The working group aims to accelerate funding to biofuels producers, in the hopes that they will phase out fossil fuel use at their own plants, instead using biofuels.Part of the study will, however, try to create a standard for assessing the GHG costs of producing and using the new fuel.
The group, which will be headed by the chiefs of the Environmental Protection Agency, the Department of Energy and the Department of Agriculture, also exists to encourage a new generation of biofuels made from biomass and other non-corn feedstocks.
Mirroring a similar change in California, EPA is proposing to measure carbon emissions that come as a result of biofuel production. This includes a complicated and controversial formula that adds in emissions that occur when overseas farmers respond to higher food prices by converting forest and grassland to cropland.It may well be that the “controversial” formula may take the discussion out of pure science, and give the opportunity to ease politics back into the discussion.
“Life cycle estimates of the greenhouse gas relate to the fuel cycle and land conversion,” said EPA Administrator Lisa Jackson. “This research will be very important to future policies.”
Certainly the Administration recognizes the financial cost, with some $800 million of DoE stimulus money being directed at research, development and the funding of test projects. However $484 million will go to demonstration projects, some of which are already being funded. The major emphasis seems to remain on generating ethanol, though an algae biofuels consortium will also be funded. This is to be followed by $1.1 billion in DoA funds much of that will go to help producers, through the biofuels credit program, restructure their businesses to survive. At present production is down and there is not enough (if any) profit to be made between the price of the corn feedstock and the sale of the ethanol.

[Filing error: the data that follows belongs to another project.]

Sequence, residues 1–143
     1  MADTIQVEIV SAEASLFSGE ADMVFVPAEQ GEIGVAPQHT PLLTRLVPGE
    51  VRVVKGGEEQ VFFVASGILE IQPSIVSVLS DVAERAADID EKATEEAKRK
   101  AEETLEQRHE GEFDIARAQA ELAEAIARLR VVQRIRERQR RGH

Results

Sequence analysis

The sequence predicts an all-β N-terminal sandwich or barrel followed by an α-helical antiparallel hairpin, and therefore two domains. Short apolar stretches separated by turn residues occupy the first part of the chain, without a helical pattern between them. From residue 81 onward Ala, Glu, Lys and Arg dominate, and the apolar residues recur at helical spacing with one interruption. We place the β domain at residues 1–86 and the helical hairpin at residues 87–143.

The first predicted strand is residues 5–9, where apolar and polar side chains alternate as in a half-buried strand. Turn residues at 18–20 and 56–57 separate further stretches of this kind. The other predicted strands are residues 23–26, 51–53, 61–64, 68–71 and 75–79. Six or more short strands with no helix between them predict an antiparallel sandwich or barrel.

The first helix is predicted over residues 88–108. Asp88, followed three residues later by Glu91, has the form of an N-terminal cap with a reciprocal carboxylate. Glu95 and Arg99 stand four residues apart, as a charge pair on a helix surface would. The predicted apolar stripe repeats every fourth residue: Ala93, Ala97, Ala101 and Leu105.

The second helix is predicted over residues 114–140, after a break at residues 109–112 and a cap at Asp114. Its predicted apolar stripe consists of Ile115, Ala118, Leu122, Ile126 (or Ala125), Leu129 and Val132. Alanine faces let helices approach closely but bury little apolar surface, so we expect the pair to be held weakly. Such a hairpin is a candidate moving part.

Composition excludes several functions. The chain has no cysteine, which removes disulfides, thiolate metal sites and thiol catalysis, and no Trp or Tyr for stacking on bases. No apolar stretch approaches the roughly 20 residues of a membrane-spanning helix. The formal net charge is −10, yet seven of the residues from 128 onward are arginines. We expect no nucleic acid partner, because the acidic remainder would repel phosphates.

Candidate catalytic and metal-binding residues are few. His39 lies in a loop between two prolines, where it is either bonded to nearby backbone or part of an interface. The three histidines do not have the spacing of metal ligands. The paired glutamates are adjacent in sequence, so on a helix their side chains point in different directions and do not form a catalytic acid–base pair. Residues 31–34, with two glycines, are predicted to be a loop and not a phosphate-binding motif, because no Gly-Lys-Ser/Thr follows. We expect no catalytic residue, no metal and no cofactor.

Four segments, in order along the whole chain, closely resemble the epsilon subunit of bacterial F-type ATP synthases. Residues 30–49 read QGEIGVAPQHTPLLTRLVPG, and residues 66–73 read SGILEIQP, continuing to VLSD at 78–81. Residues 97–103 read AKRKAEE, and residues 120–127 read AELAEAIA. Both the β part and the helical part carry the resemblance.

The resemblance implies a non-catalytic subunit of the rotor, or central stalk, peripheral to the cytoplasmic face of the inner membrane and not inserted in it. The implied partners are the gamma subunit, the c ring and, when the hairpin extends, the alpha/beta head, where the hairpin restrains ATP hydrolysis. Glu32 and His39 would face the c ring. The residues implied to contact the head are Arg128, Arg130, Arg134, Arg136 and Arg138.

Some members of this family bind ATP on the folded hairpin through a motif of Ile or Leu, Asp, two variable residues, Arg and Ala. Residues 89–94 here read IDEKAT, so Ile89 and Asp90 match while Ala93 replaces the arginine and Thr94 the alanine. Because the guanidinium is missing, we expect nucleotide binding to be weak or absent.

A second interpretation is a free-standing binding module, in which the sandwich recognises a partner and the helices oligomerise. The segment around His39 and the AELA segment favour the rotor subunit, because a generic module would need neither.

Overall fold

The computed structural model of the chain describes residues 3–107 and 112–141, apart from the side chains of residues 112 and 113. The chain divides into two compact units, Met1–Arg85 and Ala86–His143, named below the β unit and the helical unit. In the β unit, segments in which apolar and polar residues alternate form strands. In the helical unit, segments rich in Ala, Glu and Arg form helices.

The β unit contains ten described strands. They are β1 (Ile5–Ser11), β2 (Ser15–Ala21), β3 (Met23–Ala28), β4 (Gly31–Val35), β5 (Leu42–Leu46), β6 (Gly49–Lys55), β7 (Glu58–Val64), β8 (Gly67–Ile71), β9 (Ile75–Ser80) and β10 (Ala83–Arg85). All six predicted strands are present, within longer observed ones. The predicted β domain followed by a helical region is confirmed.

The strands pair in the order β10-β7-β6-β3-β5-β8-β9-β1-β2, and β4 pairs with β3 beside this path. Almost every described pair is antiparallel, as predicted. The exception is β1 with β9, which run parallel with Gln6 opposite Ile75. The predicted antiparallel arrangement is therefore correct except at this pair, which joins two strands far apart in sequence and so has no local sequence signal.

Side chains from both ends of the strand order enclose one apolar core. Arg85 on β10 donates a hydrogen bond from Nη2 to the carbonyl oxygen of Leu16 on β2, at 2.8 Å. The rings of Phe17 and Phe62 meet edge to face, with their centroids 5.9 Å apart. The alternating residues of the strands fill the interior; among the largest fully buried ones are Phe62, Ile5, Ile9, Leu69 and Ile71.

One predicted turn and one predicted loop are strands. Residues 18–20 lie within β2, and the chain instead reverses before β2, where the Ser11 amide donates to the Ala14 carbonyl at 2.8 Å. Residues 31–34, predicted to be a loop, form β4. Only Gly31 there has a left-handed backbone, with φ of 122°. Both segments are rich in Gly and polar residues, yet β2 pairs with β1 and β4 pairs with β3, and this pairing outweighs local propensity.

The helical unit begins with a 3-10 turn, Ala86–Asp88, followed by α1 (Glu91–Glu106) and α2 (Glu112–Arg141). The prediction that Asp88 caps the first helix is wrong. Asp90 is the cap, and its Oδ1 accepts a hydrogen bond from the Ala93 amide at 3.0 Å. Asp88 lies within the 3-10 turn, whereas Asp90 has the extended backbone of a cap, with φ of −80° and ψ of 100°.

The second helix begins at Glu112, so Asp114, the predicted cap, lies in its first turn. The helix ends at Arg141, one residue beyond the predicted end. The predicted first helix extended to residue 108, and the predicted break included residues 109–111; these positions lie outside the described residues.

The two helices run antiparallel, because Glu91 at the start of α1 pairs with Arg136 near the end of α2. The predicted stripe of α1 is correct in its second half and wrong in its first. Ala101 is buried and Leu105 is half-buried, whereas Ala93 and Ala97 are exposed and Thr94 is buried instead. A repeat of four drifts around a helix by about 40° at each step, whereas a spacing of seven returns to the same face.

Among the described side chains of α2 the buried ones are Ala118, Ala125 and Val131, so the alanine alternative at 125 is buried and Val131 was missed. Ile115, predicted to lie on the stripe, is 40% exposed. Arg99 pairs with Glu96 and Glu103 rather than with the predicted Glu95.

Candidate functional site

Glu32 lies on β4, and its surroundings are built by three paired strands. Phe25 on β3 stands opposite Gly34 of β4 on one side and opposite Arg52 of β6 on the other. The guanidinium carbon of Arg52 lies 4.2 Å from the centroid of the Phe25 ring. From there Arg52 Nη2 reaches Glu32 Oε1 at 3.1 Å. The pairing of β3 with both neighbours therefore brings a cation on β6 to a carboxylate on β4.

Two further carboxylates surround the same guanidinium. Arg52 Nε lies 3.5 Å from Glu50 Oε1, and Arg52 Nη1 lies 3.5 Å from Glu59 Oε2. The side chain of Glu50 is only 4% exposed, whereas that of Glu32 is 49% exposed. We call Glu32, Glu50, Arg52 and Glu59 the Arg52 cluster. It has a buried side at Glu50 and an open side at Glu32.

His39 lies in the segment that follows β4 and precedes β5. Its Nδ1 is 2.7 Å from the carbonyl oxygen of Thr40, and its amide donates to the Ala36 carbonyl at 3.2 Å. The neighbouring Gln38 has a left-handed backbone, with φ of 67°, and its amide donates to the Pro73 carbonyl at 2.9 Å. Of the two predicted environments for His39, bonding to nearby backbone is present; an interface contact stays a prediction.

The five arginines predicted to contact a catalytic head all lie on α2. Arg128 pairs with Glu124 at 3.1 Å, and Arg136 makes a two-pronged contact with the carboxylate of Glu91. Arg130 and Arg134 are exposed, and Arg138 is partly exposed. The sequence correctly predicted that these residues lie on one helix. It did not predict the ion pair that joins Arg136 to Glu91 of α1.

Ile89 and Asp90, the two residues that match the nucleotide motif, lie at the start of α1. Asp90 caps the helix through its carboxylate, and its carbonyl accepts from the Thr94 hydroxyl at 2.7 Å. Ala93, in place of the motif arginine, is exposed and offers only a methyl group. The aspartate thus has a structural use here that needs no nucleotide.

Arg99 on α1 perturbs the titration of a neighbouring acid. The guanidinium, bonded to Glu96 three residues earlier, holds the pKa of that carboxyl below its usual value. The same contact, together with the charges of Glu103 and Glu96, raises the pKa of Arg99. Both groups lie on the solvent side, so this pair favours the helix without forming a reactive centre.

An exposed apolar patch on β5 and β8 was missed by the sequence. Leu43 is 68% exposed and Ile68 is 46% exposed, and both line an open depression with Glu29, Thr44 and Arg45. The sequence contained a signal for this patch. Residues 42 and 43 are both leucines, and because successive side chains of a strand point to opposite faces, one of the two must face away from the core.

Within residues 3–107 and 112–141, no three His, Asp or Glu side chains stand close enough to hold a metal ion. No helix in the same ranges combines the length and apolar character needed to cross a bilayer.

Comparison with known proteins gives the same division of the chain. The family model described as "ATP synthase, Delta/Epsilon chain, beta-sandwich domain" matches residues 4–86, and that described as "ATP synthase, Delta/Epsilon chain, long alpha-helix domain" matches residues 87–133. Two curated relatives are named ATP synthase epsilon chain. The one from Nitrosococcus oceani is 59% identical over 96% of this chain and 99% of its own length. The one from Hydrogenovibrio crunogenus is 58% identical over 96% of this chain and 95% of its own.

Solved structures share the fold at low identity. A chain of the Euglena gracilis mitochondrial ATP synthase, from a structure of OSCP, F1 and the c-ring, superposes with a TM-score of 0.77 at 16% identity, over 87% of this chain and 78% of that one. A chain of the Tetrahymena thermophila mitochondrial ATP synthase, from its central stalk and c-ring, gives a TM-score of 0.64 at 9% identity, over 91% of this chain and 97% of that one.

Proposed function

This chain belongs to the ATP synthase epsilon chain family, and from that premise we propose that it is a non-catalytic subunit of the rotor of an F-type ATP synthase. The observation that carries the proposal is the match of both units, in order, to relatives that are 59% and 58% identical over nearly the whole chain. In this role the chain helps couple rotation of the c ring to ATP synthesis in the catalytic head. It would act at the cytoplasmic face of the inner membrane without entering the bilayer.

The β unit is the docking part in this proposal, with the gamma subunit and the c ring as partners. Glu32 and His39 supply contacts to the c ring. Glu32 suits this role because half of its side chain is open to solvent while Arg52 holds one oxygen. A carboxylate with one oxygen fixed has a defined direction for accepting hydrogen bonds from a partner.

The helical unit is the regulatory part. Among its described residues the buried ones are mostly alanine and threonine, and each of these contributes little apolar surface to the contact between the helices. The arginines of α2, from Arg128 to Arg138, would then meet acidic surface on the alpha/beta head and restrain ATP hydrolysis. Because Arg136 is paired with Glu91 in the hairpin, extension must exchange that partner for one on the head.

The carbon costs of each process, will be calculated by the “controversial” formula, but the calculation was first subjected to “peer revew.” Though I guess that the validity of that process depends on the peers that were used.
In regard to the algae effort the Univ of New Haven are looking for better strains of algae to use. They note that some $195 million was raised for investment in algae work last year.
One of the greater drivers for algal biofuel development is coming from DoD who are anxious to find a replacement source for the jet fuel, on which an increasing percentage of their mobile systems run. DARPA have been taking a lead in developing this research. One of their advances has just been given some publicity
Researchers at the university (UT) have already developed an electromechanical process for extracting oil from an alga cell that is rapid, energy-efficient, free of solvents and less expensive than competing methods. The technique employs electric fields to break open the cell.In another development Richard Sayre at theDanforth Center in St Louis has discussed the use of algae that can be milked instead of being destroyed. The goal of the DARPA program is to reduce the cost of the biofuel to $3 a gallon.
Another group of researchers at the university is focused on the science of separations research and is identifying techniques to separate the oil from the algae biomass once it has been released.
The fact that algae make fuel while consuming CO2 is also being presented to Congress at the same time as a new report on the subject is being released. (pdf).
In perhaps a sign of things to come, an ethanol plant in Iowa is going to add some algal photobioreactors to the plant. The algae will take advantage of the water heat and CO2 generated from the ethanol plant, with hopes to use some 60% of the CO2.